1 March 2018
A team of UK scientists have used STFC’s ISIS Neutron and Muon Source to investigate the origins of six medieval helmets, one of which belonged to the Black Prince of England, without needing to take a physical sample from the metal.
The research team, drawn from the Wallace Collection and Canterbury Cathedral, came to ISIS to investigate whether these late 15th century helmets contained tempered martensite, a steel crystalline structure, which would strongly indicate that they were made in the Imperial workshop at Innsbruck.
If the team at ISIS could prove that the helmets were created in Innsbruck, then that would have significant implications from both a scientific and conservation point of view. Were these incredible pieces of medieval metallurgy hand-crafted to be worn in battle or were they simply destined to be ostentatious ornaments, symbolizing both power and status?
The INES instrument at ISIS, developed to study the structure of materials and in particular cultural artefacts, was used by the scientists to measure the composition and structure at a microscopic scale without causing any damage to the helmets themselves.
One of the helmets under investigation was examined in 7 places, revealing that heat treatment had been applied to increase its hardness, presumably for battle. The low carbon content of the helmet meant that martensite had not formed but a microstructure of bainite guaranteed a higher hardness than standard steel, with the same composition. Therefore, an effort was made to harden it, suggesting its origin as Innsbruck.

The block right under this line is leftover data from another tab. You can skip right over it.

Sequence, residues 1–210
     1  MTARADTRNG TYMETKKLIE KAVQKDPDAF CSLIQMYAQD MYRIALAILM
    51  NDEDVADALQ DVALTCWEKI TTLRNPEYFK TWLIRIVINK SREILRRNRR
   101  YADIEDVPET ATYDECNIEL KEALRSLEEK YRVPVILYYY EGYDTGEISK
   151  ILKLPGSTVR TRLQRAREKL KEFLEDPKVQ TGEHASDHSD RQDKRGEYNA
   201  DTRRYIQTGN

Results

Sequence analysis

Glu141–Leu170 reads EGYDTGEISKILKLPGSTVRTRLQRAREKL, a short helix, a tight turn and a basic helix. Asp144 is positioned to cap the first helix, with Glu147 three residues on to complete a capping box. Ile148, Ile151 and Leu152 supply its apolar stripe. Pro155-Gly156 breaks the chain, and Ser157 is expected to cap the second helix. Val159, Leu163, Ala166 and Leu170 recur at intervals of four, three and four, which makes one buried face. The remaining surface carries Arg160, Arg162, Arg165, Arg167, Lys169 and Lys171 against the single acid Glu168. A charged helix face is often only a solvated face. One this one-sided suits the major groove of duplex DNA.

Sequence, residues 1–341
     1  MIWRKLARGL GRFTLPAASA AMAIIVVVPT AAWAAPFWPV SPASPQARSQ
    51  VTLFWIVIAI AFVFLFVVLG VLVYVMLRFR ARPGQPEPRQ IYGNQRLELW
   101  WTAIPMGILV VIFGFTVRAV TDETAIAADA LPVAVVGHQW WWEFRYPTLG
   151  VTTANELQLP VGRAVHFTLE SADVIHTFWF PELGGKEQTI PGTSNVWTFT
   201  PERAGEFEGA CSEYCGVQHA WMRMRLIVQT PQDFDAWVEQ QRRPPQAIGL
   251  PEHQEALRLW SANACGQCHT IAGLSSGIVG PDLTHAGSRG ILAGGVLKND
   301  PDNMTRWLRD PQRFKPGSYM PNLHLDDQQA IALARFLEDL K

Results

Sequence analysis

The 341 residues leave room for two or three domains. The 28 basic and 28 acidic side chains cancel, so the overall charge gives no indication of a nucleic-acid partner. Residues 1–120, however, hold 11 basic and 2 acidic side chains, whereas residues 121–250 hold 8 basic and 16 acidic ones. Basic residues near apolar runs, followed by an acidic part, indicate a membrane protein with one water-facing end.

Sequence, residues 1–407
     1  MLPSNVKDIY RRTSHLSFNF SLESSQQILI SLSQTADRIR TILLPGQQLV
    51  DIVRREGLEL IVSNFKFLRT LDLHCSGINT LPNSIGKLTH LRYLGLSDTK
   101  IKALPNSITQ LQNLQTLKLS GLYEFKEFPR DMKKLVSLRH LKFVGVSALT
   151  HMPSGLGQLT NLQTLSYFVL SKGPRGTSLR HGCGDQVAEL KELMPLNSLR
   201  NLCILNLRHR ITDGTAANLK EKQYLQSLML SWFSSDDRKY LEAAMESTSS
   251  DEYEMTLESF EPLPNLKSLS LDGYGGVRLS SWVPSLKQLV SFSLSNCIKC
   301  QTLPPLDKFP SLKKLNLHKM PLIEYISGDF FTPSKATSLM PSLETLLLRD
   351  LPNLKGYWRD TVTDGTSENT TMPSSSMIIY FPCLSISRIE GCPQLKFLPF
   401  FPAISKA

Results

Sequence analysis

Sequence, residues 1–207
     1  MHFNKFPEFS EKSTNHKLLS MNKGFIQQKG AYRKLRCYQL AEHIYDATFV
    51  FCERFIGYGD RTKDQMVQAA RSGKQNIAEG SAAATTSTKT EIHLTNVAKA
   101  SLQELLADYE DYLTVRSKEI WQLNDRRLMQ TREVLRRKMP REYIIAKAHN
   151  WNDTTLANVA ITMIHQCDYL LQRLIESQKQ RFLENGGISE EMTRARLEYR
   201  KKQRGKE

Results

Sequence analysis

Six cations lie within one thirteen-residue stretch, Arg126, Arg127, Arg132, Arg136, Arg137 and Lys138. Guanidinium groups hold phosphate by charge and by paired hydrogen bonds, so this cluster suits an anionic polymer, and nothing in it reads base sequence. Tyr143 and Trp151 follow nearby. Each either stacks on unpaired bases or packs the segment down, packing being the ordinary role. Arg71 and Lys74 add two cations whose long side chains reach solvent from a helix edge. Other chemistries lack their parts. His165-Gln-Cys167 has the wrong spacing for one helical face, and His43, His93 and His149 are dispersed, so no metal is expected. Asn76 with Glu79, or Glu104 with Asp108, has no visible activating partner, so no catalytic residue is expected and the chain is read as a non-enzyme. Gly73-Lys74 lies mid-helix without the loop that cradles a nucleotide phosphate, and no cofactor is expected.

“INES offers very good spatial resolution especially in backscattering, enough space to accommodate large objects, alignment facilities like lasers and a neutron camera and x-y table to scan through the samples,” explains ISIS INES instrument scientist Dr Antonella Scherillo.
Antonella Scherillo (ISIS, UK) and Francesco Grazzi (CNR, Italy) with the helm on the INES beamline.
Dr Scherillo went on to say that “Along with a selection of helmets belonging to the Wallace collection, we had the unique opportunity to examine the helmet of Prince Edward, the Black Prince, which hangs over his tomb in Canterbury Cathedral”.
“The helmet was measured in three points, and the results showed that it was manufactured using a good quality bloom, therefore it was a helm for the battlefield. Not only that but neutron diffraction revealed that the stress distribution was higher in the front plate, meaning that it has been hardened by cold working or it had been struck in battle.”
The outcomes of the study will be of vital importance in future decision making regarding the ethical conservation and restoration of the Arms & Armour collection at the Wallace Collection in London. In addition it is hoped these new research findings will influence future decisions about other historical collections in the UK and beyond
Jake Gilmore, STFC Media Manager
The analysis of the Medieval Helm of the Black Prince featured on the BBC show 'BBC South Inside Out' is available to catch up on iPlayer for a limited amount of time.
Find out more about the cutting-edge science taking place at ISIS.